Deliveries of Boeing's best-selling 737 MAX jets are effectively frozen, though production continues, after the United States joined a global grounding of the narrow-body model over safety concerns, industry sources say.
The 737 MAX is banned from flying in most countries across the world following an Ethiopian Airlines crash on Sunday that killed all 157 people on board.
It was the second deadly incident for the relatively new Boeing model in five months.
Airlines, aircraft industry experts and financiers said that although the ban would theoretically not prevent some domestic deliveries, most airlines would avoid taking a jet banned from entering service following two crashes in five months.
"Who is going to take delivery of a plane they can't use," said an aviation financier, asking not to be named.
Boeing produces 52 aircraft per month and its newest version, the MAX, represents the lion's share of production, although Boeing declined to break out exact numbers.
Boeing is expected to continue with production of the 737 at its factory outside Seattle, and has been planning to speed up production again in June.
Manufacturers avoid halting and then speeding up production as this disrupts supply chains and can cause industrial snags. But having to hold planes in storage consumes extra cash in increased inventory.
Asked how the global grounding of the 737 MAX would impact deliveries, a Boeing spokesman said: "We continue to assess."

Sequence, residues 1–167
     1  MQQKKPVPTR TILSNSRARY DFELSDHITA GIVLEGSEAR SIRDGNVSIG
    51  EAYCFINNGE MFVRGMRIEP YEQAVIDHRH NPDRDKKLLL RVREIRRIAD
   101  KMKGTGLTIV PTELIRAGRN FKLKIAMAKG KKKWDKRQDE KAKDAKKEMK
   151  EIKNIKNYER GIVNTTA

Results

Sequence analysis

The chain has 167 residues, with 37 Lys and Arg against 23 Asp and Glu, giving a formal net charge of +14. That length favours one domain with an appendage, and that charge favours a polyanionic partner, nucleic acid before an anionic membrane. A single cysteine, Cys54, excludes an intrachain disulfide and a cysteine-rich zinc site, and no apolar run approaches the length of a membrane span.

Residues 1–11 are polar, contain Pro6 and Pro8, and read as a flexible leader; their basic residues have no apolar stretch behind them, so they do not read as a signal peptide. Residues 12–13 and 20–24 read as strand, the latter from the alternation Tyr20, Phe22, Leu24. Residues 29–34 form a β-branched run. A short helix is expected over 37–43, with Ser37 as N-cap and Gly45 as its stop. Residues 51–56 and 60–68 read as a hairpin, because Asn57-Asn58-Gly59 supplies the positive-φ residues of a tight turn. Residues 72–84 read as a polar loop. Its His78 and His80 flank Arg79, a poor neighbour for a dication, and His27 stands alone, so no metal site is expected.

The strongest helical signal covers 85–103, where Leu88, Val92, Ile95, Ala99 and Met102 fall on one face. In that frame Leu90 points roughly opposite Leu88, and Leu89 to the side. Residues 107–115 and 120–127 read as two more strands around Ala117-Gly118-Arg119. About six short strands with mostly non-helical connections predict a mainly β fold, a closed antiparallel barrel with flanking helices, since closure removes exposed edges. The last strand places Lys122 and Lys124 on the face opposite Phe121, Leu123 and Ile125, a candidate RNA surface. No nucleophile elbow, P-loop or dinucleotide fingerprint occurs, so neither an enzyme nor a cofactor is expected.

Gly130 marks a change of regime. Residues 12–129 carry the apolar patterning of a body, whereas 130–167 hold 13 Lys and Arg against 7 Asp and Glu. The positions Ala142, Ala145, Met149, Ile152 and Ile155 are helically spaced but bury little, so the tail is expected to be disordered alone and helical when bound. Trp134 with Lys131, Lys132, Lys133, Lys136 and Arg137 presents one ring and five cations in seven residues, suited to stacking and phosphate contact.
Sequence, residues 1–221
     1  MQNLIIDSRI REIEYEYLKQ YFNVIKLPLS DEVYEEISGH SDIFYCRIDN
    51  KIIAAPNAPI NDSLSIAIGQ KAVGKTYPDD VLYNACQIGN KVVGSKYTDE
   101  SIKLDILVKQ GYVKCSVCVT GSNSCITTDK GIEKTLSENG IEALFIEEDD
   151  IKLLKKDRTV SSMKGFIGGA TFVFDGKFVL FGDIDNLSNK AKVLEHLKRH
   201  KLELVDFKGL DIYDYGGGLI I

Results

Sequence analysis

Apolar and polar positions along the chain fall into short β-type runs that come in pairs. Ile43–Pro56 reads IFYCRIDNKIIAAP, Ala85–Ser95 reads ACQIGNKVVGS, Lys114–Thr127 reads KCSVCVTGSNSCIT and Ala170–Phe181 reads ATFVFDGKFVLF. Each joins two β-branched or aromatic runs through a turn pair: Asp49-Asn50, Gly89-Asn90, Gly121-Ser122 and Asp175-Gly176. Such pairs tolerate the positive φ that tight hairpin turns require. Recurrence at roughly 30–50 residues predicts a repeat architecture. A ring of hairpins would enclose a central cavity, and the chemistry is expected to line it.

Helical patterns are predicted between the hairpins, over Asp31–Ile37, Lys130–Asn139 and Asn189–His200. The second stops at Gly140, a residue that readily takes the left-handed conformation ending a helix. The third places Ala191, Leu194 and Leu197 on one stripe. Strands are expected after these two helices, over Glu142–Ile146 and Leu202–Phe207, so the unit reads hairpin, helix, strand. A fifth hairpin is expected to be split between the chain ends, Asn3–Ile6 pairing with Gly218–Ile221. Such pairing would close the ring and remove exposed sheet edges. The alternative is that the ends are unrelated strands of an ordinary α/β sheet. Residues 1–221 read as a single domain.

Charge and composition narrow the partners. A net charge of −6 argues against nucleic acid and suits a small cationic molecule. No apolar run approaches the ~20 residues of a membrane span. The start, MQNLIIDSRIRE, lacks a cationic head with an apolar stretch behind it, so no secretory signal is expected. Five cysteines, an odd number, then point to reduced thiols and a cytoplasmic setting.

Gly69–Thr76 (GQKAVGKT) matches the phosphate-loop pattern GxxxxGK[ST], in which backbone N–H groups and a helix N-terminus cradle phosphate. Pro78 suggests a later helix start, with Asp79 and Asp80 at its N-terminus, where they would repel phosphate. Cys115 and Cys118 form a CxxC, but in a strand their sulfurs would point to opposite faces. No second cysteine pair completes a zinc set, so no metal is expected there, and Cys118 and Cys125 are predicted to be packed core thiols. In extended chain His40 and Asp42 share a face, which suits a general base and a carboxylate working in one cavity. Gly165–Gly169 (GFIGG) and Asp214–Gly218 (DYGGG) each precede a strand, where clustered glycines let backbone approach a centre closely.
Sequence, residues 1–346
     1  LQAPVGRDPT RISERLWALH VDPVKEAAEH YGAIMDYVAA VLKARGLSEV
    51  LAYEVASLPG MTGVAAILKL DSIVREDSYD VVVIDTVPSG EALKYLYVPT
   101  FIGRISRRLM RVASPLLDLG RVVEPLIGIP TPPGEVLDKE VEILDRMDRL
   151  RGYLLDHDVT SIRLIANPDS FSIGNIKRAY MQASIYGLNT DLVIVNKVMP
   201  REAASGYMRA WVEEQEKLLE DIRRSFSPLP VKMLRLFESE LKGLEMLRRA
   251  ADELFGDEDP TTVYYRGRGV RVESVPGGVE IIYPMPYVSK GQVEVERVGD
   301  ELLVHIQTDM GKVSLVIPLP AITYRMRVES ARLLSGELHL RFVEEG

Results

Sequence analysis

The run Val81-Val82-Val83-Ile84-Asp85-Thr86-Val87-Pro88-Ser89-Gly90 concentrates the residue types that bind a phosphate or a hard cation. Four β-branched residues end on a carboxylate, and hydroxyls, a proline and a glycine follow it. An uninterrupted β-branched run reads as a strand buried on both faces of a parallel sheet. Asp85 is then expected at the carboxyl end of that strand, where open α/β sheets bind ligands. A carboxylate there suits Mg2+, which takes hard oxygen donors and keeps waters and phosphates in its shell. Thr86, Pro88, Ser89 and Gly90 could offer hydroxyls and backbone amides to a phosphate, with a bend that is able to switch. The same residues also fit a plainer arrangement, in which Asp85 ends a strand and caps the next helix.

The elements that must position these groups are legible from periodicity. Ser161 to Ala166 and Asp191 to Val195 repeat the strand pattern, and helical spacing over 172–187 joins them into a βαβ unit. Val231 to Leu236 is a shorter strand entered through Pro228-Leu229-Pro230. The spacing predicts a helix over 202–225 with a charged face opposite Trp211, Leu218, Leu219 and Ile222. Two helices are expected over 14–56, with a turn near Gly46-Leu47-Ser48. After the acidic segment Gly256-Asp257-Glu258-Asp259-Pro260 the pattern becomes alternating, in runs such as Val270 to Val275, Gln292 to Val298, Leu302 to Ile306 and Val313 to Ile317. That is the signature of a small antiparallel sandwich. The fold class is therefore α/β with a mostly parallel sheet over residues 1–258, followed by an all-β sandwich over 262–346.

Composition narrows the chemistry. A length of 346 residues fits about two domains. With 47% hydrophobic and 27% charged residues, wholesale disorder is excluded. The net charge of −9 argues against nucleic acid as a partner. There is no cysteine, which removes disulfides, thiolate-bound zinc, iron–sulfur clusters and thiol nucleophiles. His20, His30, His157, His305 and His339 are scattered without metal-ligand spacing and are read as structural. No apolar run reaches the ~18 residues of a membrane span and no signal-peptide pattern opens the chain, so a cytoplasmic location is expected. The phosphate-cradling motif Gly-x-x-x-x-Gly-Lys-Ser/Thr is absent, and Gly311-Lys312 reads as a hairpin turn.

Boeing's main US customers - Southwest Airlines, American Airlines Group Inc and United Airlines - declined comment. So far they have voiced their confidence in the safety of the MAX.
Boeing's 787 Dreamliner was grounded for 123 days in 2013 after its lithium-ion battery packs caught fire. The jet went on to become a popular twin-aisle with a strong safety record.
Aircraft contracts do not typically contain a clause that automatically allows airlines to claim compensation for a regulatory action like a grounding.
However, plane makers do sometimes pay out compensation to cover the cost of financing when an airline is left without a promised plane, said a senior industry source.
Norwegian Air said on Wednesday it would seek compensation from plane maker Boeing for costs and lost revenue due to the 737 MAX 8 grounding.
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